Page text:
US boffin enables high speed, non-volatile CPUs
Easy-to-apply 'high dieletric constant' material found
A US researcher has discovered how to furnish the circuits in a microprocessor with super-efficient insulators. The discovery will not only make even higher clock speeds possible but may allow chip companies to build processors that can pick up work exactly where they left off when the power was pulled.
Chip giant Motorola has already made a play to license the discovery.
The secret, uncovered by Rodney McKee, a scientist with the Oak Ridge National Laboratory in Tennessee, is a type of material called a perovskite oxide, the journal Science reports.
Unlike the insulator used by today's chips - silicon dioxide - perovskite oxide are far more efficient at blocking current. The upshot is that chip designers need far less perovskite oxide to separate circuits, allowing the electrical paths to be crammed closer together, than silicon dioxide. So not only can they cram more circuits onto a given size of chip, but there's less risk of signals interfering with each other and causing data corruption or other malfunctions.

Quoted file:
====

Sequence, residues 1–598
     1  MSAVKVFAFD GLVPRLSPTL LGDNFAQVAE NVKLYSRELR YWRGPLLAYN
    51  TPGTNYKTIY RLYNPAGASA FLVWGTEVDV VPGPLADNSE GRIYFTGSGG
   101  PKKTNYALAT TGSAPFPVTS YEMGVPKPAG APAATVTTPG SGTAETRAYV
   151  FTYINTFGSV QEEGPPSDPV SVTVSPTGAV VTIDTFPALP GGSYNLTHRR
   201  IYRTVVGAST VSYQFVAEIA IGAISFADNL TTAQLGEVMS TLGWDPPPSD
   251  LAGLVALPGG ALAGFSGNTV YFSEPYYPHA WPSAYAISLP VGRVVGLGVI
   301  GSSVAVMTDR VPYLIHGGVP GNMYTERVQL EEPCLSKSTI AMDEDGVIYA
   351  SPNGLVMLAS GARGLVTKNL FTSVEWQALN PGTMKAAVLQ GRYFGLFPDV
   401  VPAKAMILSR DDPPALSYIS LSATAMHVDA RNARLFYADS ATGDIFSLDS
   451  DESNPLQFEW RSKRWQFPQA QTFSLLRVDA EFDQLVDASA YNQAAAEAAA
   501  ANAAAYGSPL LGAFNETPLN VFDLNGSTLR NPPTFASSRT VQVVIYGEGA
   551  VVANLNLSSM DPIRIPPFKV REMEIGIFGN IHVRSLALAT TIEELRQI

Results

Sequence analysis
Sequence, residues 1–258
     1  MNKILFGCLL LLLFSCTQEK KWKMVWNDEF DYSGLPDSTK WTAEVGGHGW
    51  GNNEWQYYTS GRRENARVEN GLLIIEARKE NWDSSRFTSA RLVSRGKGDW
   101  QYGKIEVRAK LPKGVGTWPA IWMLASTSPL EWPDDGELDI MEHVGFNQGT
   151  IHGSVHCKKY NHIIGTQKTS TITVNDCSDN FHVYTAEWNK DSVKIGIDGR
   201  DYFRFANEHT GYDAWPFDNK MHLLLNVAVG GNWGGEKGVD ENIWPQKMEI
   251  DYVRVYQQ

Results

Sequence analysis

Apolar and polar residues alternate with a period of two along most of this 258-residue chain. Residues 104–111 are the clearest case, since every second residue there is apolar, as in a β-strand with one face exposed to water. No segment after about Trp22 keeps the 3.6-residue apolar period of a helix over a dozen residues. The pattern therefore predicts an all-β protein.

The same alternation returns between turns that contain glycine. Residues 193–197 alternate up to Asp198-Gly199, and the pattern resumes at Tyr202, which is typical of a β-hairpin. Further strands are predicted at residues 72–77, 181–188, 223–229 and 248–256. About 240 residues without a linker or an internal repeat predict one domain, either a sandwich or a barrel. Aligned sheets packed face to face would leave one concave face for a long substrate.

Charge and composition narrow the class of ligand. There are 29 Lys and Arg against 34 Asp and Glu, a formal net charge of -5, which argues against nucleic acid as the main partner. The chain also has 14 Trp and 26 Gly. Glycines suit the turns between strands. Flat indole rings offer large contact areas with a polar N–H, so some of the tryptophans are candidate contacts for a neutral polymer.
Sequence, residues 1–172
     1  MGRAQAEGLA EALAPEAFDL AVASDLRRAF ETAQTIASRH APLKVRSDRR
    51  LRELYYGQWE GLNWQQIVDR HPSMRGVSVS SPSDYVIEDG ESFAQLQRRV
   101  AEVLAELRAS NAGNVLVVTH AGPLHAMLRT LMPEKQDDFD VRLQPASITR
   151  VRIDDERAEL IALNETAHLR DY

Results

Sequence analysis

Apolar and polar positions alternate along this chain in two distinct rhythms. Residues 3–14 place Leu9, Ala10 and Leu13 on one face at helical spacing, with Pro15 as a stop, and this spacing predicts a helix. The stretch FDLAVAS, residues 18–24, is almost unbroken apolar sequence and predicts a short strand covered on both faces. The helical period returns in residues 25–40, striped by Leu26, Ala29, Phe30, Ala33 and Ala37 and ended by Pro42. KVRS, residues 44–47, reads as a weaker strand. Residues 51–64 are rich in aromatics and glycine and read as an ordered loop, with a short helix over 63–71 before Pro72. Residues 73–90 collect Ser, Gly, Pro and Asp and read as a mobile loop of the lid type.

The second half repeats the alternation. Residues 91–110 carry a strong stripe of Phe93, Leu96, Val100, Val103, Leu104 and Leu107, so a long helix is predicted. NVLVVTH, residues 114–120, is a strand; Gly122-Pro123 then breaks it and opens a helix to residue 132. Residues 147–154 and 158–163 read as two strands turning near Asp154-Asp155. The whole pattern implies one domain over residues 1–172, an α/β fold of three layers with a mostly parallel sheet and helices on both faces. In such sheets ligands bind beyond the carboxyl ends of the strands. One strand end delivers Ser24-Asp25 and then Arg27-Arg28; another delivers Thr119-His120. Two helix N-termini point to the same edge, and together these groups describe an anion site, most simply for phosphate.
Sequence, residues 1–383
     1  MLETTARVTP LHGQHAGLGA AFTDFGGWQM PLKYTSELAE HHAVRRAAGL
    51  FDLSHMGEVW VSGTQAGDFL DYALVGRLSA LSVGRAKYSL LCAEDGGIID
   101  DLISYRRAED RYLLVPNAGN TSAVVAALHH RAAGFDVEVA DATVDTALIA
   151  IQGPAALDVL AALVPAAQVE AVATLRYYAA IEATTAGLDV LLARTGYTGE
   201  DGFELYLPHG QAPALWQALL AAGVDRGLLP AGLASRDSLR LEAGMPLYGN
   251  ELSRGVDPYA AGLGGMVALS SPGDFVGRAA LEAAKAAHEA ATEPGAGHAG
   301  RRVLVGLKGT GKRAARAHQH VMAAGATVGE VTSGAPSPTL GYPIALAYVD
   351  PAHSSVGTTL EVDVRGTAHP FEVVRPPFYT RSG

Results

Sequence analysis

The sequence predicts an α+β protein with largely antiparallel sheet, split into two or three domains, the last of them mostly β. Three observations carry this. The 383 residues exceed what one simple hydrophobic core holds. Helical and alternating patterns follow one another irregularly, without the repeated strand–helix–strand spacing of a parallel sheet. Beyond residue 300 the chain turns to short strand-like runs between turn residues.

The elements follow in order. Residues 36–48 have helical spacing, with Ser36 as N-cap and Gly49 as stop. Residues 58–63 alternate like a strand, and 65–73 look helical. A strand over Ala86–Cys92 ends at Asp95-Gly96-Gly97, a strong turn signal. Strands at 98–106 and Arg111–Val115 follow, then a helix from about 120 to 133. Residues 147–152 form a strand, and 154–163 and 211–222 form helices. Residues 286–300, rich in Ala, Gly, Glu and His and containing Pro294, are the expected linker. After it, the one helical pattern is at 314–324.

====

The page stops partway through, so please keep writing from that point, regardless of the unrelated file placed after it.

The idea of using such super-insulators - compounds with a high dielectric constant - isn't new. McKee's usage of perovskite oxides, however, has allowed him to apply a super-insulator to a chip without the imperfections inherent in the high-dielectric-constant compounds chip makers are investigating today,
McKee's choice of material is fortuitous for another reason: perovskite oxides can retain internal electric fields for 15 years whenever the power is cut. That could allow a processor based on the material to retain its exact state whenever the power fails. Put the power back on, and the chip picks up where it left off. ®